Older adults are experiencing increased levels of depression the longer they remain isolated during the pandemic, but they are better at coping than young people, an international study is showing.
Shirley Kumove, 90, has been a resident at The Baycrest Terraces, a retirement residence in North York for six and half years.
Kumove said she has experienced feelings of loneliness, usually in the evening or night.
“Not being lonely is a very big component of mental health and when you do feel lonely, you are very vulnerable, so I try not to let myself feel vulnerable for too long. I give into it for a few minutes because I’m only human.” “There are a lot more challenges in lockdown than there are otherwise and it’s difficult. It’s difficult to be isolated. Not be able to do the things you want to do when you want to do them, but we make the best of it,” she told CTV News Toronto.
Kumove published six books about Jewish life in Toronto during her life. She continues to keep her spirits up by writing.
When she feels vulnerable, she said she tries to get up and do something, and make phone calls to stay connected with friends and family.
“So I’m not feeling sorry for myself for too long. A little bit is delicious, but too much is no good.”
Kumov is not alone in her ability to manage feelings during the pandemic.
It’s a trend Donna Rose Addis has been observing as she works on an online international study involving 700 people, looking at young and older adults throughout the pandemic.
Addis is a senior scientist at Baycrest and the Rotman Research Institute, a psychology professor at the University of Toronto and a Canada 150 Research Chair in Cognitive Neuroscience of Memory and Aging.
Addis said living alone and having feelings of loneliness contribute to depression in both and young and old — but age is not the only factor when it comes to the impact pandemic isolation is having on mental health.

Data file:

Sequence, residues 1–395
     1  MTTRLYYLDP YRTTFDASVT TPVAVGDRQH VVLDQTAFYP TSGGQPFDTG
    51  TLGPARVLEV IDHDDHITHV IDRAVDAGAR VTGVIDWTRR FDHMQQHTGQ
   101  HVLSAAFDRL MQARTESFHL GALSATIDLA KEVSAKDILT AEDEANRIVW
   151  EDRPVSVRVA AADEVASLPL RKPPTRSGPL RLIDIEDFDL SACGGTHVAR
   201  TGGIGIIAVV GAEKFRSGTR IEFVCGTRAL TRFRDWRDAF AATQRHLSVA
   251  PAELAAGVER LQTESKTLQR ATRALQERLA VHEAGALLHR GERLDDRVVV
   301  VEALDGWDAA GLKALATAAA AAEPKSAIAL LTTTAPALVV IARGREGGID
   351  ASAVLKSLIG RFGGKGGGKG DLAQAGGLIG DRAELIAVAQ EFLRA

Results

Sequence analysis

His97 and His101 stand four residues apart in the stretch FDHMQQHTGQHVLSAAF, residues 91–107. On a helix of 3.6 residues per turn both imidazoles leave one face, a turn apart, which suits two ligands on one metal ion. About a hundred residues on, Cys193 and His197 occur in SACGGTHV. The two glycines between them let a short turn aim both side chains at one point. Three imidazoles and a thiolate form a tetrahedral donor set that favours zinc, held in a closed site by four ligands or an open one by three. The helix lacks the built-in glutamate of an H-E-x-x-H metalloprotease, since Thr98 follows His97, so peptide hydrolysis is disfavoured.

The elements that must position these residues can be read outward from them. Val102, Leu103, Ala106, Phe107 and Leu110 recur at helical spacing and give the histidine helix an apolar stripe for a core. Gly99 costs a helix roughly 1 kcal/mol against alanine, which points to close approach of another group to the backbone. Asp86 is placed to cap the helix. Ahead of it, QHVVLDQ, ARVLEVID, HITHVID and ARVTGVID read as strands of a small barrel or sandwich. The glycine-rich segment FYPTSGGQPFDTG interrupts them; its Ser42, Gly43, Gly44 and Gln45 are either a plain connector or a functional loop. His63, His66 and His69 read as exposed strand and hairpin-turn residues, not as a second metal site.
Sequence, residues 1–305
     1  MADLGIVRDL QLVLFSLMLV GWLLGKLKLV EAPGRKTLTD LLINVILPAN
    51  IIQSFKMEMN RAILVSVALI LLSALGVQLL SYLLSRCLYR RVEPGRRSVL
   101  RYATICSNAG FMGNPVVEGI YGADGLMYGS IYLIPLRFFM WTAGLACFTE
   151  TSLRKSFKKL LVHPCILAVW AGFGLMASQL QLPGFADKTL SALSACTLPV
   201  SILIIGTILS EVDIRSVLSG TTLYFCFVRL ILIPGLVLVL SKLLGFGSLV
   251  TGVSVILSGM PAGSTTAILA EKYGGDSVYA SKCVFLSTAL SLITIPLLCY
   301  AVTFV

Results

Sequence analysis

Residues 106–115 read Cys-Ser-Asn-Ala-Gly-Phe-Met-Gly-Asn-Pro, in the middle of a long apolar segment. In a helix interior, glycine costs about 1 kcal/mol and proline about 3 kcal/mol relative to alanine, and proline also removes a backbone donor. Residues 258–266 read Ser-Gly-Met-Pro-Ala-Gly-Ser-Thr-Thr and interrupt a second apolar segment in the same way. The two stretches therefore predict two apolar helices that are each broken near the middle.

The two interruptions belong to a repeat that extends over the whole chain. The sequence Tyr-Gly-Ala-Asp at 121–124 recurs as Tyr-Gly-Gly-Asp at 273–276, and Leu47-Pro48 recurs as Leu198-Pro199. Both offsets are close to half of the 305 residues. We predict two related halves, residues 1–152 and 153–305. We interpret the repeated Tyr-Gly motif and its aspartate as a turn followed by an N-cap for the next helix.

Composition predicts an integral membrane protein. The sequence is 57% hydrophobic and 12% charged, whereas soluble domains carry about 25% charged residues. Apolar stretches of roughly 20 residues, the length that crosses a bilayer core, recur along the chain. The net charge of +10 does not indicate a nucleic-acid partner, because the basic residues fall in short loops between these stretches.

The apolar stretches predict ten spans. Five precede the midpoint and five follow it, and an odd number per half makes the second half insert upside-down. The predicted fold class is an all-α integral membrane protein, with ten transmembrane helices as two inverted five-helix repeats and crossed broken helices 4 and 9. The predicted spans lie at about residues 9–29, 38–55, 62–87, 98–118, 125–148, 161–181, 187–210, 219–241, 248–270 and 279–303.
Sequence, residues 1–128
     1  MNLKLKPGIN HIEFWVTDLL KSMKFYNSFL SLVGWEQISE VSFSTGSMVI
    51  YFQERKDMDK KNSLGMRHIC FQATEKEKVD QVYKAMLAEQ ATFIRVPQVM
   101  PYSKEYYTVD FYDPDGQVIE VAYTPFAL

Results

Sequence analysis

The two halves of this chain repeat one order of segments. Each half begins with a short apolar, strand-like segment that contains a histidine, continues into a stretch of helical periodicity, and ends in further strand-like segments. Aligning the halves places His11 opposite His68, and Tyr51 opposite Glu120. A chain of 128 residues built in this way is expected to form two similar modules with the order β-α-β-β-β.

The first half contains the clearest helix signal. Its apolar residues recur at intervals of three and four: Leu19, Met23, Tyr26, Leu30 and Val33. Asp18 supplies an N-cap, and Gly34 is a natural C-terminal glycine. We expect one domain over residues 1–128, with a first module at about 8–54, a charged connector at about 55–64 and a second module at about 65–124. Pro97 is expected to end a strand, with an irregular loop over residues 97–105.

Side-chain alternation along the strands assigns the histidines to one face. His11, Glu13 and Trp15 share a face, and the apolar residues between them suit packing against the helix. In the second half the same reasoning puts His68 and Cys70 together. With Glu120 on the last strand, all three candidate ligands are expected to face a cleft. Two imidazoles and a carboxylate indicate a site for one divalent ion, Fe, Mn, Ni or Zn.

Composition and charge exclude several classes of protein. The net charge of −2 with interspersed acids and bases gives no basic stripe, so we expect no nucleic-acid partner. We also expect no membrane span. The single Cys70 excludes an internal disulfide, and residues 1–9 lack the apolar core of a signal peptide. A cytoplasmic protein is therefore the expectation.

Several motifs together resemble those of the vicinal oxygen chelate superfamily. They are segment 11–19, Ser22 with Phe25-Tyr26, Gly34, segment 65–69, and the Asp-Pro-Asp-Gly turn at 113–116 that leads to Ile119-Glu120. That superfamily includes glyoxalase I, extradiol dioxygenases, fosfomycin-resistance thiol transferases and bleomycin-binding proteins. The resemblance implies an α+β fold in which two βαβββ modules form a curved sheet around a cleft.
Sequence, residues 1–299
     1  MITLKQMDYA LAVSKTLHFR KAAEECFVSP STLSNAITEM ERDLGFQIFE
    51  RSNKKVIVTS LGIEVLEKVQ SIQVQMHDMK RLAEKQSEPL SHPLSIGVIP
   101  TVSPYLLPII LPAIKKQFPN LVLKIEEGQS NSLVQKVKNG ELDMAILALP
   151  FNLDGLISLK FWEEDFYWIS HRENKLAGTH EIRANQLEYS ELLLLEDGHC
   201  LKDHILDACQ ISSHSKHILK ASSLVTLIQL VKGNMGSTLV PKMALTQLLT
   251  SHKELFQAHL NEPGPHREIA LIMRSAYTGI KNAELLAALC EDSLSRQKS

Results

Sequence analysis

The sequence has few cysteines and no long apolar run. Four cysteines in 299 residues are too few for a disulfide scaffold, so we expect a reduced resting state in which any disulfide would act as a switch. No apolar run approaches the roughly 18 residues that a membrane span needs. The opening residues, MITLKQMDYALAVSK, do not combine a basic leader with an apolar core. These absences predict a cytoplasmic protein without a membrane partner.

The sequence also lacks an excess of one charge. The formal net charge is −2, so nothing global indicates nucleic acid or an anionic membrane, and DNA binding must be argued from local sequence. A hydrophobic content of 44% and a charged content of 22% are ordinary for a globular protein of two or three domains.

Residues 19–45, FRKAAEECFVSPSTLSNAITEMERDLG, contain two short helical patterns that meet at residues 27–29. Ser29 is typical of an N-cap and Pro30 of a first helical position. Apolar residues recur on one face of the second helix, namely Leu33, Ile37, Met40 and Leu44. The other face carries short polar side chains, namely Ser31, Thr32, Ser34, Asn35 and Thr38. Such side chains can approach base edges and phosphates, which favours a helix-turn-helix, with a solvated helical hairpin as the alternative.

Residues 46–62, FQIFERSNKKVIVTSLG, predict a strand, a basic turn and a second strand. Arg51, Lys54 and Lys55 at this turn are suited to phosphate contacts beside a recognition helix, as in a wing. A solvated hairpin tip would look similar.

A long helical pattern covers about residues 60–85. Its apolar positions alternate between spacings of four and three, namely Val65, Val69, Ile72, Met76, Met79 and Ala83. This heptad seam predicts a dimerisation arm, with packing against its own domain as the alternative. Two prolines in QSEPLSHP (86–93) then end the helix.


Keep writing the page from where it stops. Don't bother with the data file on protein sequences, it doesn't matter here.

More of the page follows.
“Interestingly in older adults only it’s the number of days they’ve spent in isolation that is increasing their levels of depression,” Addis told CTV News Toronto.
Addis said they believe the depression stems from older adults experiencing a loss of time that they have left to spend with loved ones.
During the first lockdown, Addis found after 20 days in isolation older people were experiencing increased depression — feelings which have maintained throughout the pandemic.
YOUNG VERSUS OLD FINDINGS
Addis said from their sample, twice as many people in the study were older adults living alone, but found it’s younger adults who feel twice as lonely.
“There’s also a resilience that we see in older adults for coping with these things, with the negative consequences of the pandemic.”
Addis said they found young people’s mental health appears to be more affected by the potential threat of COVID-19, being exposed and infected.
Addis said she believes older adults may be able to better cope from having a lifetime of experiences and putting things into perspective.
SHIFTS IN ISOLATION
Dr. Samir Sinha is the director of geriatrics at Sinai Health and Univeristy Health Network.
While at the beginning of the pandemic, many older adults lost connections with grandchildren, going to community centres and other activities, Sinha said going into the third year of the pandemic, the challenge is that it just doesn’t end.
“Especially when for so many older adults, it is those social connection that are really a part of that sense of purpose that keep you going, the ability to play with your grandkids or to be an active member in the community.”
“You can see how they have taken a massive toll on the mental health and well-being of so many older people when they have had to isolate or be isolated from others for a prolonged period of time.”
Sinha said it’s important to acknowledge that older people are missing out on experiences like younger people, milestone birthdays, as one example, which can add to the sense of loss.
Sinha said with prolonged loneliness there are heightened levels of depression and anxiety and said he’s finding people are afraid of how to re-engage with other people or concerned about getting Omicron.
“I think it’s one of those things where people are so afraid to engage that it almost perpetuates more loneliness, depression, feelings of despair.”
Sinha said it’s at a point where some people are taking on self-imposed isolation because they are not sure what to do and not sure what’s safe, which he believes creates additional anxiety.
OLDER ADULTS AND MENTAL HEALTH
Addis said for older adults it’s important to maintain routines, stay engaged in activities they enjoy, find opportunities for fun, and get outside if possible.
Sinha said it’s important for older people struggling to reach out.
“When you’re not feeling great, it’s hard to make things better on your own.”
He said it’s important to have those conversations with others to figure out what can ease the isolation and people can better provide support.
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